We all love getting outdoors and heading to the beach, swimming pools and lidos, especially as the Summer heats up, but it's not always safe - We've teamed up with the Royal Life Saving Society to help spread awareness of water safety, so read on for some important advice and share with friends and family!
Latest stats show that 56 children under the age of 11 years old drowned in the UK in the last 5 years, with more than 300 people accidentally drowning every year - and for every drowning death that occurs, there are more than 10 near drownings, with many of these leading to life changing injuries.
The Royal Life Saving Society is launching Drowning Prevention Week, running from 15-25 June, to help raise awareness of the importance of teaching children to be safe near water - especially in the lead up to summer, a high-risk time of year for drowning. The RLSS UK strongly believe that lives could be saved if children and young people were taught how to be safe near water.
Drowning Prevention Week is a national, awareness raising campaign and every year schools, leisure centres, community groups, businesses and MPs use our free downloadable resources to teach their local communities how to stay safe near water.
the RLSS want to equip everyone, young and old, with basic water safety skills to help them identify risks and make informed choices around water based activities.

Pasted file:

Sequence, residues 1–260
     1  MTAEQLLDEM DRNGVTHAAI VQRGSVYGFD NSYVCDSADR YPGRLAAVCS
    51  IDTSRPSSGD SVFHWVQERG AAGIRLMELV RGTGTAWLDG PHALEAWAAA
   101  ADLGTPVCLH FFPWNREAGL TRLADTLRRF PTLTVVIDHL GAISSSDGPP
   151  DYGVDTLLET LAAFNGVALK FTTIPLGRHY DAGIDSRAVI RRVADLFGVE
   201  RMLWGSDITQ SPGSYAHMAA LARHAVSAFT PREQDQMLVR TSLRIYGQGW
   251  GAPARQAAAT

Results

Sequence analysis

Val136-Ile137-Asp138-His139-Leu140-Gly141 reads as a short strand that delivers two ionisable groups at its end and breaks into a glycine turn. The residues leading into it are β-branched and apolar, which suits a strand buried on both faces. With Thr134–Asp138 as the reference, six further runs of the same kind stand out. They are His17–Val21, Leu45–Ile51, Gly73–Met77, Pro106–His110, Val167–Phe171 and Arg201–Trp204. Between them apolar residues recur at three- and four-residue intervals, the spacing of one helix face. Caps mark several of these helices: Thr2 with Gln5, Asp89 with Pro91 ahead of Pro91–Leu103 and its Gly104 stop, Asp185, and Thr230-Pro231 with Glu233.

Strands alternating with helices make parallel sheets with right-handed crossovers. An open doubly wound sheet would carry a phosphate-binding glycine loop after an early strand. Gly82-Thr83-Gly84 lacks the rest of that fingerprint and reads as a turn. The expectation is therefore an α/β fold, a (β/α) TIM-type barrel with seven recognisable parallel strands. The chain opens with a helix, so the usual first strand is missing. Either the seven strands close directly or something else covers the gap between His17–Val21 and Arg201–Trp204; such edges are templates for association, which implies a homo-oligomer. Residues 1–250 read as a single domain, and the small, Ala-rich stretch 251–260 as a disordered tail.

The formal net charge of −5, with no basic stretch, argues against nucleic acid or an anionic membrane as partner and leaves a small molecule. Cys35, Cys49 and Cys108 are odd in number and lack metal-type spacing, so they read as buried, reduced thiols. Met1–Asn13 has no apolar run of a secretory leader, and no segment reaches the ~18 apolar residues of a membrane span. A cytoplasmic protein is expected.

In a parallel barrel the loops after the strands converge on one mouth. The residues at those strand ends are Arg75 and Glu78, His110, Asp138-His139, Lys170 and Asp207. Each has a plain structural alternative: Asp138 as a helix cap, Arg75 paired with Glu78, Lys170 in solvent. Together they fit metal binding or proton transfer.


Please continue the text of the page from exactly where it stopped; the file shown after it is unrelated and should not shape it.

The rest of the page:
So how can you keep your family safe this Summer?
- Always use self-closing gates, fences and locks to prevent children from gaining access to pools of water
- Securely cover all water storage tanks and drains
- Empty paddling pools and buckets as soon as they have been used. Always turn paddling pools upside down once empty
- Always supervise bath time (never leave children unattended). Empty the bath as soon as possible after use
- When researching your holiday, or arriving at your destination, check the safety arrange-ments of any water-based activities and if there is lifeguard cover at the pool or beach
- Check bathing sites for hazards, check the safest places to swim and always read the signs – find out what local warning signs and flags mean. Take time to check the depth, water flow and layout of pools
- Swim with any children in your care – it’s more fun and you can keep them close and safe
- On beaches check when the tide will be high and low and make sure that you won’t be cut off from the beach exit by the rising tide. Also, be aware of dangerous rip-currents
- Inflatable dinghies or lilos are a well-known hazard – each year there are drownings as people on inflatables are blown out to sea. Do not use them in open water
- Do not swim near to or dive from rocks, piers, breakwater or coral
- Swim parallel to the beach and close to the shore
The RLSS believes that the majority of drowning incidents can be prevented, especially with children - make sure everyone is aware of the basic principles of water safety whilst still having fun - no family should ever have to go through the pain of losing a child through drowning.
We don’t want to stop people having fun in the water, we want everyone to have fun and enjoy the summer weather. But it is important to remember that drowning can, and does happen, and that there are things you can do to prevent tragedy.
To get involved with the campaign, find out what your local leisure centre is doing or visit thecampaign website for our free resources at dpw.rlss.org.uk.
Enjoy the fun, share your Summer adventures but remember to Stay Safe this summer!